Friday, the first traces of the plume of radioactive gas from the damaged Japanese reactors were reported to reach California. The cornerstone of international environmental law is often said to be the “prevention principle,” which says that states have “the responsibility to ensure that activities within their jurisdiction or control do not cause damage to the environment of other States.” Does that mean that the transboundary radiation has put Japan in violation of international law?
In a word, No.
Although the quoted language, from the 1992 Rio Declaration, sounds as if any transboundary damage would violate international law, almost no one interprets the prevention principle so strictly. To be an obligation under customary international law, the principle would have to reflect states’ customary practice, and states don’t prevent all transboundary pollution. Last year, in a case between Argentina and Uruguay, the International Court of Justice characterized the principle this way: “A State is . . . obliged to use all the means at its disposal in order to avoid activities which take place in its territory, or in any area under its jurisdiction, causing significant damage to the environment of another State.”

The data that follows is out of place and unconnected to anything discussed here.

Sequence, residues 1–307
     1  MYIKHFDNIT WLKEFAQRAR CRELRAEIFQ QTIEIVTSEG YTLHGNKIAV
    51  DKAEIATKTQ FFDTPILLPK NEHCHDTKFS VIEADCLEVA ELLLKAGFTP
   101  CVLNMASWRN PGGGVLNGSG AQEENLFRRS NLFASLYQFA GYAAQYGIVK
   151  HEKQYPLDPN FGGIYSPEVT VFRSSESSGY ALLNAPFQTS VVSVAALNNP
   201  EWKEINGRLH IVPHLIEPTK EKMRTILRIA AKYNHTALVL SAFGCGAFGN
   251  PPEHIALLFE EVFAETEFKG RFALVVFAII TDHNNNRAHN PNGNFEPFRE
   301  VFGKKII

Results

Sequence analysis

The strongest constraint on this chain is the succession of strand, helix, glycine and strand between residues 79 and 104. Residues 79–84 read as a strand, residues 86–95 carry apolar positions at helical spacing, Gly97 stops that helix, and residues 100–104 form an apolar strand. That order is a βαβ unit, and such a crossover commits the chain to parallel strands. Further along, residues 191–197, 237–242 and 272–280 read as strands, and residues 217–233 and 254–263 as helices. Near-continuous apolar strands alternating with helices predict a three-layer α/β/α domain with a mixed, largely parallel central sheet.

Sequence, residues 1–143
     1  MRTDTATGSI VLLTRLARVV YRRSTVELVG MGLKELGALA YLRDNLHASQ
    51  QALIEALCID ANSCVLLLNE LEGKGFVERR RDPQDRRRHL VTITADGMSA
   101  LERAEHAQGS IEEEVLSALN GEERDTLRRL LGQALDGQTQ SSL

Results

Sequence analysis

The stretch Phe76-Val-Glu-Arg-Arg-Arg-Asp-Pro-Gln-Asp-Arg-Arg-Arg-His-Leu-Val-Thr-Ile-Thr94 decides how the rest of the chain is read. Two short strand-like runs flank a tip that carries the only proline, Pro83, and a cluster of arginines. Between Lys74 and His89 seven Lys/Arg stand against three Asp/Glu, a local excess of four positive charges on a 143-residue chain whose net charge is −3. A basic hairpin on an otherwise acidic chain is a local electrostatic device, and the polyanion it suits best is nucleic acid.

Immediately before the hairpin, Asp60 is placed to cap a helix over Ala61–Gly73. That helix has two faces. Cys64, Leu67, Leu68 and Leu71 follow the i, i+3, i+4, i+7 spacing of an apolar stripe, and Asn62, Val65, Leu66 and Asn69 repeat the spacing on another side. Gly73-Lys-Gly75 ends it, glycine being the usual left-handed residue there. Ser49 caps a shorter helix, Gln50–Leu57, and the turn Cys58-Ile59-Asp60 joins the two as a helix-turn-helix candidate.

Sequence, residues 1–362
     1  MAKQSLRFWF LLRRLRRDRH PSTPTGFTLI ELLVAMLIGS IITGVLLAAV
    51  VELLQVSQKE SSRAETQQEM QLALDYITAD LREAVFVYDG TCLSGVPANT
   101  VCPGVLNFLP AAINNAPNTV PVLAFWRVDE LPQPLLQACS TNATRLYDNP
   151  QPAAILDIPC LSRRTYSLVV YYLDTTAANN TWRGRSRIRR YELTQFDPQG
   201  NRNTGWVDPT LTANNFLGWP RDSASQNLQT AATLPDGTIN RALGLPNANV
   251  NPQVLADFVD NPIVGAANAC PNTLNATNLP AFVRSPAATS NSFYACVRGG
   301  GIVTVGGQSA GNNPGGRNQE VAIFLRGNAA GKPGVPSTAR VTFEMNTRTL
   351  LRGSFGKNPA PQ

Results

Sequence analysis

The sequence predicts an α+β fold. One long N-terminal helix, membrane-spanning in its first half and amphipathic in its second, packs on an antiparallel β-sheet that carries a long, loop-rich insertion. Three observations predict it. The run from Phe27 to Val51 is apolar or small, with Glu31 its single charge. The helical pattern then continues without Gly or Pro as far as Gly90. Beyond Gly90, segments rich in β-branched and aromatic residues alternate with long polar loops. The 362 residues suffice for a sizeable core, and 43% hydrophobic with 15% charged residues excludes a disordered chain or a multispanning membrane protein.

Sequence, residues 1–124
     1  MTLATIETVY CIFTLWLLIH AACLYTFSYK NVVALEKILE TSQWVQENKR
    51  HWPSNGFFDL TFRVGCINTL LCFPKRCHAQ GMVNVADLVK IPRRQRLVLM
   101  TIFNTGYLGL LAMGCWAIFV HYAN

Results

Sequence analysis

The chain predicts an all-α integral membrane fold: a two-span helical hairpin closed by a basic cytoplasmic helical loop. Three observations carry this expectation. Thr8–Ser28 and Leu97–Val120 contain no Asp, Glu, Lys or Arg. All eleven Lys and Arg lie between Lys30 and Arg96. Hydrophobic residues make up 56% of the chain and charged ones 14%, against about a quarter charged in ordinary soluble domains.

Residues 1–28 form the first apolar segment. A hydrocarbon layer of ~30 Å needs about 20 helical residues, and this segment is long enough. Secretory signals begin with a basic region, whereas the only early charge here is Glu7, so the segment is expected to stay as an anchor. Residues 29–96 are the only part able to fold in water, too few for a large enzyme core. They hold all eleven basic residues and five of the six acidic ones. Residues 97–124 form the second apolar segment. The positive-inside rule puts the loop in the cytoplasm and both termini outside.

So the ICJ believes that a state is only required to prevent “significant” transboundary harm. That seems more likely to reflect state practice, although you might question whether states comply even with this lower standard, given the amount of transboundary pollution that still occurs. If the ICJ is right, Japan hasn’t failed to comply with the principle, since the radiation that has crossed the Atlantic is at low levels not expected to cause any significant harm. Even at higher levels, the transboundary radiation wouldn’t violate international law as long as Japan has done all it can to prevent it from occurring – a condition that the regulatory failures described in Rebecca’s post below may call into question. (Whether or not Japan has complied with the prevention principle, international law may impose liability for transboundary harm, but that’s an issue for another post.)
The obligation to prevent harm isn’t the only relevant international obligation, though. It’s also generally thought that states facing environmental emergencies with potential transboundary effects have an obligation to notify their neighbors and keep them informed. In this latter respect, Japan may be more open to criticism, for issuing general statements that do not provide other countries much detail about the problem. On Thursday, China urged Japan to be more forthcoming, a message that will likely grow louder as fears of radiation increase among the people of China and other nearby countries.
John Knox, CPR Member Scholar, Professor of Law, Wake Forest University. Bio.
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